Following the referendum, what happens now? And what happens next? We answer the key questions people have been asking...
Are we still in the EU?
While people voted in the June 23, 2016 referendum to leave the EU, we remain full members of the European Union. The date of the UK's scheduled departure is now October 31, 2019, or the date upon which the UK ratifies a withdrawal agreement. Any withdrawal agreement also needs to be approved by the European Parliament.
Do I still have the rights that our EU membership entitles us to?
All the rights that come with EU membership remain until the UK leaves the EU, if it leaves the EU - whether people will continue to enjoy these rights outside the EU, if the UK leaves the EU, is unclear. There is a clear danger that everything from employment to consumer rights to access to the Single Market are at risk, and that is why we will be campaigning hard, and pressing the Tory government to ensure British citizens continue to have these rights if it takes us out of the EU.
Can I still travel and work throughout Europe?
While we are still in the EU, UK citizens retain their right to free movement and to work throughout the European Union, and the same applies to EU citizens in the UK. Again, whether this continues outside the EU, if we leave the EU, will depend on the government, and the nature of the UK's future relationship with the EU. Labour has campaigned for a commitment from the government to give peace of mind to those EU citizens living in Britain and to the millions of British citizens living in the EU.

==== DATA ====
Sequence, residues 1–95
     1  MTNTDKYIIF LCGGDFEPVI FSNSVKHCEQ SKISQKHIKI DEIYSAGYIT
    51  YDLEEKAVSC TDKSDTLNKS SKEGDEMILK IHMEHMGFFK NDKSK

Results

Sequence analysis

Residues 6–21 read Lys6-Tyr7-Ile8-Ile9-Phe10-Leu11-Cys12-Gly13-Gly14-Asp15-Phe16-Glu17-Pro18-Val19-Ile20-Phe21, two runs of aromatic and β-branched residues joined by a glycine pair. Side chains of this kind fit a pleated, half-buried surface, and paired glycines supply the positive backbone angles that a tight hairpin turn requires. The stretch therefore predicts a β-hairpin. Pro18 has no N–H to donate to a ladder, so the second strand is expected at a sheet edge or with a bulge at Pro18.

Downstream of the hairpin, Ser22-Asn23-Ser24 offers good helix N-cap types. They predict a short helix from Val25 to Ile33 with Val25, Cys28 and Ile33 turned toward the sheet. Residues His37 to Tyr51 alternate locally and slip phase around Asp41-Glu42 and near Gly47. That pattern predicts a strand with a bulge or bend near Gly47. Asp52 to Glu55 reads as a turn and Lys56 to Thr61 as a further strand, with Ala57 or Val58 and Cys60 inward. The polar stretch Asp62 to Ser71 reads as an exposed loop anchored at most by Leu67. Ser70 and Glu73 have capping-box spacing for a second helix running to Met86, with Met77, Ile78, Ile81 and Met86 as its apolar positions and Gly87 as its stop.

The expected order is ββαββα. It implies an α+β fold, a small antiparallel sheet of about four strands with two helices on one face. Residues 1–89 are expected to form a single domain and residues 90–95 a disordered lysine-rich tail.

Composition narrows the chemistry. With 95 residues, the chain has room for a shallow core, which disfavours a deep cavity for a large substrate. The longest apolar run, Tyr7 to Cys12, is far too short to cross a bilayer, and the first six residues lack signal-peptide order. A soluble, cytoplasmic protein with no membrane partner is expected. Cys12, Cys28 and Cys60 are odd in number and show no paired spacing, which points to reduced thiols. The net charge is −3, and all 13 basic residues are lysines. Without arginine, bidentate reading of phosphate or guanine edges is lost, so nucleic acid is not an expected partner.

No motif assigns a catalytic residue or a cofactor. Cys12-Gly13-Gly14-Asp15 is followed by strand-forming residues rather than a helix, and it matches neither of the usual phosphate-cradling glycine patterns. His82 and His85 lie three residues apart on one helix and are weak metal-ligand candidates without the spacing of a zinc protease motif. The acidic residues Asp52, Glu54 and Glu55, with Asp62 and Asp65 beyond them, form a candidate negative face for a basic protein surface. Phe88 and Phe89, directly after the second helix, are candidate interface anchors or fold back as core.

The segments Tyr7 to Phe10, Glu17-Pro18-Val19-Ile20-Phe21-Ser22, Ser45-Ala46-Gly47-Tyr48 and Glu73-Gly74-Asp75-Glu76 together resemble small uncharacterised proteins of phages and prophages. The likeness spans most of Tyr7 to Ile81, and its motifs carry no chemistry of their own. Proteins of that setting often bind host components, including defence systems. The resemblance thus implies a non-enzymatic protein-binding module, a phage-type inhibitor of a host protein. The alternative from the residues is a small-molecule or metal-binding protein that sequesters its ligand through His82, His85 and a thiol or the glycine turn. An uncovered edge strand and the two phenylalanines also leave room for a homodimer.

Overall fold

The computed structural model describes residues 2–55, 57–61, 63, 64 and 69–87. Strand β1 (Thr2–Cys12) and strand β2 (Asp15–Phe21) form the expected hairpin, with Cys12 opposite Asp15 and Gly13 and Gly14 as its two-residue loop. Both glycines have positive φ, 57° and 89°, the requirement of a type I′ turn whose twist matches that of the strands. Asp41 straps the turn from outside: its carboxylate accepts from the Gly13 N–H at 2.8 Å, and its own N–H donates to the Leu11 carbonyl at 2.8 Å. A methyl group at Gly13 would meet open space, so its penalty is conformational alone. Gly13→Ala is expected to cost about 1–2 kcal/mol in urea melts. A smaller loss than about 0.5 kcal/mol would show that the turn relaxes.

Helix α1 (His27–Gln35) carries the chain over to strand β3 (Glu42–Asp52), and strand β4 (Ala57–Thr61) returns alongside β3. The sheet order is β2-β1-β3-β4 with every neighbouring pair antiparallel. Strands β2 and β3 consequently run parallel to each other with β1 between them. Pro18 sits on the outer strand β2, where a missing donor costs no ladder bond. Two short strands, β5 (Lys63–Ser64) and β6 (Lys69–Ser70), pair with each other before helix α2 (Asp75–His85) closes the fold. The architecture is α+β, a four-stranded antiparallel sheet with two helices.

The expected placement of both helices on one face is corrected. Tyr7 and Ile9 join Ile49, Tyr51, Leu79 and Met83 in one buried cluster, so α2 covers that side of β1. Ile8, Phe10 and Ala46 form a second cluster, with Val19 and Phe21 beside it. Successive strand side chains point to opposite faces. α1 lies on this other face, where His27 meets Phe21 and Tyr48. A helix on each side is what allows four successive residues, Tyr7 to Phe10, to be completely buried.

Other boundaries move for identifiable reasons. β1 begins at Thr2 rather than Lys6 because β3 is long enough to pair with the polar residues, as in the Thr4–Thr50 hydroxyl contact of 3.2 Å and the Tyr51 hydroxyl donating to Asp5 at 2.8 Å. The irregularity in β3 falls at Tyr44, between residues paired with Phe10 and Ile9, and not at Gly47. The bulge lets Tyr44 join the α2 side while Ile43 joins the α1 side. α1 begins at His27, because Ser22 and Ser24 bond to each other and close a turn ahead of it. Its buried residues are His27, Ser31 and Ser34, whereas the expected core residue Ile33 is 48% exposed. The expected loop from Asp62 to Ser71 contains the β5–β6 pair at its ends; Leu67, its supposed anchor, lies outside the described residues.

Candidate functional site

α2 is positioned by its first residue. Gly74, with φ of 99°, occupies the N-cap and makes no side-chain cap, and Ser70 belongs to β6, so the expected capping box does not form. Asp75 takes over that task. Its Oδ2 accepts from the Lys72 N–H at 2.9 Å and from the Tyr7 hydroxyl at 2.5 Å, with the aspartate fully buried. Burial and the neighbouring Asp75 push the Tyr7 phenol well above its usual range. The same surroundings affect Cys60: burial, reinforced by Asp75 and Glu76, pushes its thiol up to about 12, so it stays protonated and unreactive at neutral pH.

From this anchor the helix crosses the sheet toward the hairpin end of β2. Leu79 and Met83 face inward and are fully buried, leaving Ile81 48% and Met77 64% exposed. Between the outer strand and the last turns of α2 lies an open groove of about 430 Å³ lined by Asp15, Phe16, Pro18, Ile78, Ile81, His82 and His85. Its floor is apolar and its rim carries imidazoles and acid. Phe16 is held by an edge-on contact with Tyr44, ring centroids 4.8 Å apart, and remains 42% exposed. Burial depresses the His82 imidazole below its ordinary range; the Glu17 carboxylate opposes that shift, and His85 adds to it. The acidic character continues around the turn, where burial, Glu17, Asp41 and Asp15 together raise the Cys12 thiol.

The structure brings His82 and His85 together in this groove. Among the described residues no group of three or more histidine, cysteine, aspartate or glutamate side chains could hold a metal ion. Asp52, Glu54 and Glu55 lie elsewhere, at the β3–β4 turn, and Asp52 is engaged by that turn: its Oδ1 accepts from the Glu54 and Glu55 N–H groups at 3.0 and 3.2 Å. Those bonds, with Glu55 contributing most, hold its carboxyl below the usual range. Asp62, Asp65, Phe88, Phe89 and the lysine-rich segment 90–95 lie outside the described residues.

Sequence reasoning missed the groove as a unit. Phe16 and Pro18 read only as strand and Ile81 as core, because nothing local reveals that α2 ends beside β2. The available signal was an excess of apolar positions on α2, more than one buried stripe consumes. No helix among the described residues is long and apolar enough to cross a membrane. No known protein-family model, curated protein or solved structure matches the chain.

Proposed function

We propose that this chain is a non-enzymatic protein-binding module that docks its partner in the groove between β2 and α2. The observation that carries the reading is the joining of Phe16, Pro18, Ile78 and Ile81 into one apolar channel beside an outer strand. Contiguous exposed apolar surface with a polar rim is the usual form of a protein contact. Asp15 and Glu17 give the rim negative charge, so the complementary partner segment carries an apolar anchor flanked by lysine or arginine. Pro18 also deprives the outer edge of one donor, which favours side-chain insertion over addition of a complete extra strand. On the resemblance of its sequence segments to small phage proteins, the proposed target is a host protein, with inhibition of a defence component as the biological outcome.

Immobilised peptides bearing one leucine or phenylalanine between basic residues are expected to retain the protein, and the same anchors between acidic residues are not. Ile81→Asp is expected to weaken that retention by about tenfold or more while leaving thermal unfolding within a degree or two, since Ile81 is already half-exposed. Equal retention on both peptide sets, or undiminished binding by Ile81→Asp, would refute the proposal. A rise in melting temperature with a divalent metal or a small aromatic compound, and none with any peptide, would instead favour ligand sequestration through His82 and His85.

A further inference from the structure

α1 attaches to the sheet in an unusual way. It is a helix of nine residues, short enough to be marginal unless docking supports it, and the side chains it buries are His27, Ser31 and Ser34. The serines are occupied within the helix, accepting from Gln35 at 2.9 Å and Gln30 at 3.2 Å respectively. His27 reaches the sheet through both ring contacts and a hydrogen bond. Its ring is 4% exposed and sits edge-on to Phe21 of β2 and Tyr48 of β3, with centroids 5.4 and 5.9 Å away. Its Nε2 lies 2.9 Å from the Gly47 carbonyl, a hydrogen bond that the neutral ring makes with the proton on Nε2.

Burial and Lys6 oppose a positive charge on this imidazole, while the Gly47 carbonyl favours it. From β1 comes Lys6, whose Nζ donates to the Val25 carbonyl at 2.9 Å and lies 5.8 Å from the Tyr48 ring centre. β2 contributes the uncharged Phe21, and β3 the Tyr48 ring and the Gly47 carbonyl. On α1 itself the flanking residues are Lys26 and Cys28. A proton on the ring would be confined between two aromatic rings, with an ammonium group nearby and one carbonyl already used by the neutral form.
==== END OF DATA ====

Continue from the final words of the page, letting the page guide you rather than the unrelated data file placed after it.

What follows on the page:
When will we leave the EU?
The government triggered Article 50 of the Lisbon Treaty, the formal process of leaving the EU, on March 29, 2017, following the referendum of June 23, 2016. The British government and its EU partners had two years to reach a deal, however, given the failure to do so, the scheduled exit date has been extended to October 31, 2019. Labour MEPs will be pushing the Tory government and working with our centre-left colleagues in the European Parliament to ensure the any final deal is in the best interests of the British people.
What will happen to MEPs?
MEPs will continue in their roles until the UK leaves the EU, if it leaves. Until then, EU law will continue to apply, and aspects of it may continue to apply after we leave, depending on the deal the government gets. Labour MEPs will therefore continue to scrutinise legislation, and of course we will continue to represent our constituents’ interests, in Brussels and in the regions. Labour MEPs will fight to keep the rights working people have, and to limit the danger to jobs by seeking assurances on the benefits we currently enjoy as members of the Single Market.